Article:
In an analogy, we compare one thing with another. We might describe a person as being like a fox, a prickly rose, a robot, a hurricane. Love is said to be a disease, a game, a drug, a heatwave, and “a smoke made with the fume of sighs” (Shakespeare’s Romeo and Juliet). Less poetically, a physicist might compare an atom to the solar system—electrons revolve around a nucleus at the center like planets go around the sun.

In this chapter, we focus on the use of analogy in explanation and argument.1 The first point to note is that words such as similar and like have incomplete meaning. Saying that two things are similar has a concrete meaning only with respect to some standard of comparison. Pick any two objects, and they are bound to be similar in some way. A washing machine is like a pigeon—they both occupy space, produce waste, and are noisy. An informative analogy should make it clear how two things are similar—that is, what their common properties are. Former U.S. President Ronald Reagan once said “Government is like a baby” which on its own is rather incomprehensible. But then he added, “an alimentary canal with a big appetite at one end and no sense of responsibility at the other,” which immediately made the remark a witty and memorable one about government overspending.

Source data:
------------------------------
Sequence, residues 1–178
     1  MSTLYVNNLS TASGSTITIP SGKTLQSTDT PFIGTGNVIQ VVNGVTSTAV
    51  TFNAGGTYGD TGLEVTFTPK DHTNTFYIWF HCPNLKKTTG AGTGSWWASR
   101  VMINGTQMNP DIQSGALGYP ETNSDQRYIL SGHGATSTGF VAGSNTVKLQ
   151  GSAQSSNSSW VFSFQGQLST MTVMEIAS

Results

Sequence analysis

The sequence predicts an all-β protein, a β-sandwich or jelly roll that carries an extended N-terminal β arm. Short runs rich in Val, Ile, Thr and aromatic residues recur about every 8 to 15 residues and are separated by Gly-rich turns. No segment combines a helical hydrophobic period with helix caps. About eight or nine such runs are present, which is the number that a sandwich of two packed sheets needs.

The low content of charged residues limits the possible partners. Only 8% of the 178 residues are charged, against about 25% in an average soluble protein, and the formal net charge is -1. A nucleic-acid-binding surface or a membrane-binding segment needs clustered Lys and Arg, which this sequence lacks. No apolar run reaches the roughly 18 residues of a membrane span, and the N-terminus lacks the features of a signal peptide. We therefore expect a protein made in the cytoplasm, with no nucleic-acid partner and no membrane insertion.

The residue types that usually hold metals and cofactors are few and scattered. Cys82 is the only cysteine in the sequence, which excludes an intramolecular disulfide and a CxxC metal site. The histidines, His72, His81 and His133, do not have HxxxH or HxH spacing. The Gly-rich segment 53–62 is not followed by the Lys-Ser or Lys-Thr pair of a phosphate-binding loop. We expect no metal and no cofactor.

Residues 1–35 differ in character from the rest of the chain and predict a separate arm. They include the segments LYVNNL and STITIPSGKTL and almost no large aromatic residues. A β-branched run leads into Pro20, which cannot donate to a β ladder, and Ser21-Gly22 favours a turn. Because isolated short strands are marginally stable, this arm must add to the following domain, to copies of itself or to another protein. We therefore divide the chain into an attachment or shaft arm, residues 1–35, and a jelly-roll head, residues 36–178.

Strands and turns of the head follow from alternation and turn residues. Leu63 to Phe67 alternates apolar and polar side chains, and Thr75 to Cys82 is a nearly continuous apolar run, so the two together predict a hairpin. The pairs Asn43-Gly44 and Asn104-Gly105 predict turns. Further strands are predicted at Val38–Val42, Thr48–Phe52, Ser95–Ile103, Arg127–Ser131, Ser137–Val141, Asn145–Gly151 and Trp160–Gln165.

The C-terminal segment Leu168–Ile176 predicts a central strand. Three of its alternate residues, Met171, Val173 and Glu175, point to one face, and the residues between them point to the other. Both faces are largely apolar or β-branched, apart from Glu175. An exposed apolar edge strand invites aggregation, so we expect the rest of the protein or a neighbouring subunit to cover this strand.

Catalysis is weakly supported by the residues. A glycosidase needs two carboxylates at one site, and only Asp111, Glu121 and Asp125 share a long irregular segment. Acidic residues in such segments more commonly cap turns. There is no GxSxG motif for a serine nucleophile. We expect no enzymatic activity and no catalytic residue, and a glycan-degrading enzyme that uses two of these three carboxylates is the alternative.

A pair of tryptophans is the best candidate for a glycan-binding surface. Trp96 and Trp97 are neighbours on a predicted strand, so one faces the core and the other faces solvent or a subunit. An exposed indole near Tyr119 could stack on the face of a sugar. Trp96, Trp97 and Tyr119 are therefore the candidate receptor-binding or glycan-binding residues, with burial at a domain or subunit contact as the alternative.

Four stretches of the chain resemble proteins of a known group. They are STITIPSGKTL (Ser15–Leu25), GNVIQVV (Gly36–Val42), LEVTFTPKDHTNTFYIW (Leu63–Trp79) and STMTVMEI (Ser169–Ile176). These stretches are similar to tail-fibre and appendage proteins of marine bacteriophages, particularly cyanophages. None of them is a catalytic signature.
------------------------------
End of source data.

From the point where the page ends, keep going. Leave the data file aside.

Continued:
Identifying common properties is very important in analogical arguments, where we argue that because X is similar to Y, something that is true of X is also true of Y. Here are ...

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